Italian Deputy Prime Minister and Interior Minister Matteo Salvini, who organised the rally, is trying to unite Europe's nationalists into a powerful force in the European Parliament. (Photo: AFP)
Italian populist leader Matteo Salvini on Saturday gathered Europe's disparate nationalists for a unifying rally overshadowed by a major corruption scandal shaking Austria's far-right coalition.
The Milan rally hoped to see leaders of 12 far-right parties marching towards their conquest of Brussels after next week's European parliamentary elections.
Headliners Salvini of the anti-immigrant League and Marine Le Pen of France's Islamophobic National Rally (RN) want their Europe of Nations and Freedom (ENF) group to become the third largest in Brussels.
"Stop the bureaucrats, bankers, do-gooders, migrant boats," read one pro-Salvini banner. "Italy first," read another as the speeches began.
"Our battle is against totalitarianism: globalisation and Islamism," Le Pen said ahead of the march.
Hundreds gathered in a Milan park for an anti-fascist counter-demonstration - "Welcome migrants, expel Salvini," read one banner - as the city's central Duomo square filled with League supporters massed under a light rain to listen to leaders' speeches.
But explosive graft allegations against the leader of Austria's far-right Freedom Party (FPOe) and vice-chancellor Heinz-Christian Strache meant the party's top candidate in next week's elections pulled out of the Milan rally.
German media published hidden camera footage filmed two years ago in Ibiza appearing to show Strache promising a fake Russian backer public contracts in return for positive coverage in Austrian media.
Strache resigned and the FPOe's coalition with Chancellor Sebastien Kurz's centre-right People's Party (OeVP) is on the brink of collapse.
Relations with Moscow
Despite their shared dislike of immigration, multiculturalism, the left and the EU, Europe's populists remain divided on many other key issues, including budgetary discipline, migrant distribution and relations with Moscow, as highlighted by the Austrian scandal.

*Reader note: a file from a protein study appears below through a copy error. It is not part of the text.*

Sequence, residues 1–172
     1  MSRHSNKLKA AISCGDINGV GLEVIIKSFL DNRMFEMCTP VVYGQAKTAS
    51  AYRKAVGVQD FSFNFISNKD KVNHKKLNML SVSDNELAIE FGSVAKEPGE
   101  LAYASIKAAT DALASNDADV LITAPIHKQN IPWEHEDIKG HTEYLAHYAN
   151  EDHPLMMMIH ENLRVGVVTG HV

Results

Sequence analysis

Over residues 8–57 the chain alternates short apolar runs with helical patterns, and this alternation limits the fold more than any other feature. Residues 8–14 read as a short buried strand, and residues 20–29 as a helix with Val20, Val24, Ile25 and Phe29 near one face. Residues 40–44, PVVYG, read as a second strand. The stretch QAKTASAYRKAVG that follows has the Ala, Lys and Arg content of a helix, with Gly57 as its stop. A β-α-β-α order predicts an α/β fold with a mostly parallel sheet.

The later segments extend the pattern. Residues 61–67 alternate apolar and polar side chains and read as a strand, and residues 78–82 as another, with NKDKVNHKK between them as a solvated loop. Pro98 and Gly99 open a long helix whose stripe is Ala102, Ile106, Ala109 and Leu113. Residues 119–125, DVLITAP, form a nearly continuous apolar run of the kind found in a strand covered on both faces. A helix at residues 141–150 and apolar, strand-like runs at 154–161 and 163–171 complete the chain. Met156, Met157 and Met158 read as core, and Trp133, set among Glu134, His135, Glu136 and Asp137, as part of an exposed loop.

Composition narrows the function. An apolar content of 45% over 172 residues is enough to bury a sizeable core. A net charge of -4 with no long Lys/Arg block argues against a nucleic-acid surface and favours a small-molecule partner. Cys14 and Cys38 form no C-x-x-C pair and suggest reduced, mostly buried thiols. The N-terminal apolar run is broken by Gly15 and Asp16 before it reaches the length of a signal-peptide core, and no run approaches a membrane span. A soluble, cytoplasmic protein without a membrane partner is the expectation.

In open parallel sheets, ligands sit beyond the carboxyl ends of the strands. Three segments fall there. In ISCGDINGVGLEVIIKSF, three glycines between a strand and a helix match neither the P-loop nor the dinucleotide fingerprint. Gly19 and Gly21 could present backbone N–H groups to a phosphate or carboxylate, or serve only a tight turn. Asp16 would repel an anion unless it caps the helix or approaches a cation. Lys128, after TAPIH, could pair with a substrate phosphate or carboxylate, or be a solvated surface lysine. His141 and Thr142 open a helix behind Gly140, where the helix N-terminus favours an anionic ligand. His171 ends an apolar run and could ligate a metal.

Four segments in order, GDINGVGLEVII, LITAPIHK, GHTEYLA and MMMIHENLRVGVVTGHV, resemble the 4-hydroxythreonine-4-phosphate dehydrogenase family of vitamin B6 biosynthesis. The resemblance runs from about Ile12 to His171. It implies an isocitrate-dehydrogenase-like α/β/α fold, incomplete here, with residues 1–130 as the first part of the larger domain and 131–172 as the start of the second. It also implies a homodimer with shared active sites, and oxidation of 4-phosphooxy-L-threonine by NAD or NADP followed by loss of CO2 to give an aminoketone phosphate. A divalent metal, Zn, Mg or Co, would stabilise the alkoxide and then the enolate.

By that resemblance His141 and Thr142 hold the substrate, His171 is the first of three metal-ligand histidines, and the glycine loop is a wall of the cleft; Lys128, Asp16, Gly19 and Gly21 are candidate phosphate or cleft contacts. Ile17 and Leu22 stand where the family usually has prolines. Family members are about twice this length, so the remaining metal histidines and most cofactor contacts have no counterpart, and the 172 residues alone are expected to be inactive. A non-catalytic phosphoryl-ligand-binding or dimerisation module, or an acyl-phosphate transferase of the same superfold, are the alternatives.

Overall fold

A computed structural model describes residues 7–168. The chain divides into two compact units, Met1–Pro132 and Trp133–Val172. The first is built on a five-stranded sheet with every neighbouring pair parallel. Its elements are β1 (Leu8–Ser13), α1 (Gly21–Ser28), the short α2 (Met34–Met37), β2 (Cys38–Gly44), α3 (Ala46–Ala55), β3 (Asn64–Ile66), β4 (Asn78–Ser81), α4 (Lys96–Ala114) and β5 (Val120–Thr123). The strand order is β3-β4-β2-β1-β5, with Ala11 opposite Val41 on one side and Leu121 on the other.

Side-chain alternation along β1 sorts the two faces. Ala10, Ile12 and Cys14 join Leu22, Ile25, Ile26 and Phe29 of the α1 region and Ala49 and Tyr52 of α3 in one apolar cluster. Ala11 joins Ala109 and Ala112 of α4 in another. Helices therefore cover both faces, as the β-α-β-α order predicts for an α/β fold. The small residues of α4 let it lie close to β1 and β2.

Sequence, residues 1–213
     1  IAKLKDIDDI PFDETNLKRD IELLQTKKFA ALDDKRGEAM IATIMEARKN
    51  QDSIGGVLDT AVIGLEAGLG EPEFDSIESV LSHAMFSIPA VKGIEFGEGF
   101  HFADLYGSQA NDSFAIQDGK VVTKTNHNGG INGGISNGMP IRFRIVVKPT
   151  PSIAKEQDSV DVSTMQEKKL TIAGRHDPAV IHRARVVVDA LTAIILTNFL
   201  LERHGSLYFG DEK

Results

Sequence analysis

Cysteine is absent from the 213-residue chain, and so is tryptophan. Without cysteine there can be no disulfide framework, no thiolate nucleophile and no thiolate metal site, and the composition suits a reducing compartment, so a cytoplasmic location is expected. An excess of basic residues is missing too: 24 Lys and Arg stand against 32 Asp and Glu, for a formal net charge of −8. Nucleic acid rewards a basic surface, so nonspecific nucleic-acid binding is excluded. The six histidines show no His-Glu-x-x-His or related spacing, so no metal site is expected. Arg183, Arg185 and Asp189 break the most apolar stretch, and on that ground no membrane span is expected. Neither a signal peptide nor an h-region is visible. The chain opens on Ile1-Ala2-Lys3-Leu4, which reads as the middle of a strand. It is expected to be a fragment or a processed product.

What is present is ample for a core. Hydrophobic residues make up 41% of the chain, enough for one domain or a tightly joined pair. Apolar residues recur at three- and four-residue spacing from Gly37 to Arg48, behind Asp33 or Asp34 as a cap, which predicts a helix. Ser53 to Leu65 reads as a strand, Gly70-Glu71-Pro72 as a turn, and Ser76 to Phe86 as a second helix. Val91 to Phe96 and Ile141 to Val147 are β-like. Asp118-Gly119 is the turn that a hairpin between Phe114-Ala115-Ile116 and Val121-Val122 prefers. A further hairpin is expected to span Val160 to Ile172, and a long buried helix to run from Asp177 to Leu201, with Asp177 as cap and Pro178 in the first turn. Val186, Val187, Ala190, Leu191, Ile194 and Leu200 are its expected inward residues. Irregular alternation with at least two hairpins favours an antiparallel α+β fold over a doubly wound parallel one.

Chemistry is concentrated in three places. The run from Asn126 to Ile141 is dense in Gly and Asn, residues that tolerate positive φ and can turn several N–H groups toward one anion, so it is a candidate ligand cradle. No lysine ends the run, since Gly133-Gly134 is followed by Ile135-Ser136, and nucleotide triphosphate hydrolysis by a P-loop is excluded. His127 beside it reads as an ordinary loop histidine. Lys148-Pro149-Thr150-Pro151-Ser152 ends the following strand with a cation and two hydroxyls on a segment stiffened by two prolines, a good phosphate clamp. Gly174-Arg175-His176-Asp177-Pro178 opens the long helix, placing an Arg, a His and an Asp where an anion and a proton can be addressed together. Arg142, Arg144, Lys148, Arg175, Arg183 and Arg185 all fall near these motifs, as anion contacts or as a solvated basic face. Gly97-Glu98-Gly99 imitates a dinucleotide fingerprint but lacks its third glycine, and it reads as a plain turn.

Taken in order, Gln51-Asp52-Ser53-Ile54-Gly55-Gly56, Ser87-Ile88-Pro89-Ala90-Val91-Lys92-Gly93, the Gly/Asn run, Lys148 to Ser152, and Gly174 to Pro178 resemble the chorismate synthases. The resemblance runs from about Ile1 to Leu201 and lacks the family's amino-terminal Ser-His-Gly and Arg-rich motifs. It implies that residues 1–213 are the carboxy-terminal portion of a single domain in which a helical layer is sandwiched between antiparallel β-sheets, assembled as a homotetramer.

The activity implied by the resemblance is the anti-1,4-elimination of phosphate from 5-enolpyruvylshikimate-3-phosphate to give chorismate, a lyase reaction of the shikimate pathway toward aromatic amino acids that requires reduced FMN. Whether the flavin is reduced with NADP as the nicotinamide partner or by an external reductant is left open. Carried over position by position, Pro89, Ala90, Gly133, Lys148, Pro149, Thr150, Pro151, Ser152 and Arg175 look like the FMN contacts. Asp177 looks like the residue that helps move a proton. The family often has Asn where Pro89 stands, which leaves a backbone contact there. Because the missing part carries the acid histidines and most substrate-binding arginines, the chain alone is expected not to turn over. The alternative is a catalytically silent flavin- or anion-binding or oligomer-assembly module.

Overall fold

In Milan, Le Pen was forced to say that her party obeyed French party finance rules, which she called "strict" and "questionable" as they prevented the RN from borrowing money outside Europe.
French lawmakers recently called for a probe into links between the RN and Donald Trump's former strategist Steve Bannon after he discussed paying back a Russian loan to Le Pen's party in a documentary.
Most of Europe's rightwing nationalists are currently divided into three blocs and a tangled web of alliances in the European Parliament -- an institution Salvini and Le Pen would like to overhaul if not destroy.
The ENF includes Austria's Freedom Party, Belgium's Vlaams Belang and the Netherlands' Party for Freedom, whose head Geert Wilders was also due in Milan.
Notably absent from the rally is Hungary Prime Minister Viktor Orban's Fidesz party and Poland's governing PiS (Law and Justice party).
Orban has voiced admiration for Salvini and promised "cooperation" after the vote, but refuses any alliance with Le Pen.
He has his own problems after allegations from a rights group Saturday that his election landslide last year was marred by vote-rigging and fraud.
Smaller parties such as Bulgaria's Volya or Slovakia's Sme Rodina, which is set to win a single MEP seat, are to join the Milan rally.
'Life or death'
"The European elections are a referendum between life and death, between the past and the future, a free Europe and an Islamic state based on fear," Salvini told a recent rally.
While Salvini and Le Pen have close ties to Russia and President Vladimir Putin, eastern European far-right parties are wary of Moscow's ambitions.
Critics say that an enduring alliance between the League and the Alternative for Germany (AfD), also due in Milan, would be impossible.
"Salvini for instance wants a European redistribution of refugees, (AfD lead candidate Joerg) Meuthen doesn't want a single refugee," leading German Green Party member Sven Giegold told Italy's AGI news agency.
"What's more, Meuthen doesn't want to give a single cent to southern Europe," he added.
Salvini hopes the future right-wing bloc will be able to implement laxer EU budget rules, which would be a boon for Italy's struggling economy.
Salvini's coalition relationship with the anti-establishment Five Star Movement of fellow Deputy Prime Minister Luigi Di Maio is increasingly fraught since they formed a government last June.
Opinion polls suggest that the League will go from six MEPs to 26, Le Pen's RN from 15 to 20 and German's AfD from one to 11.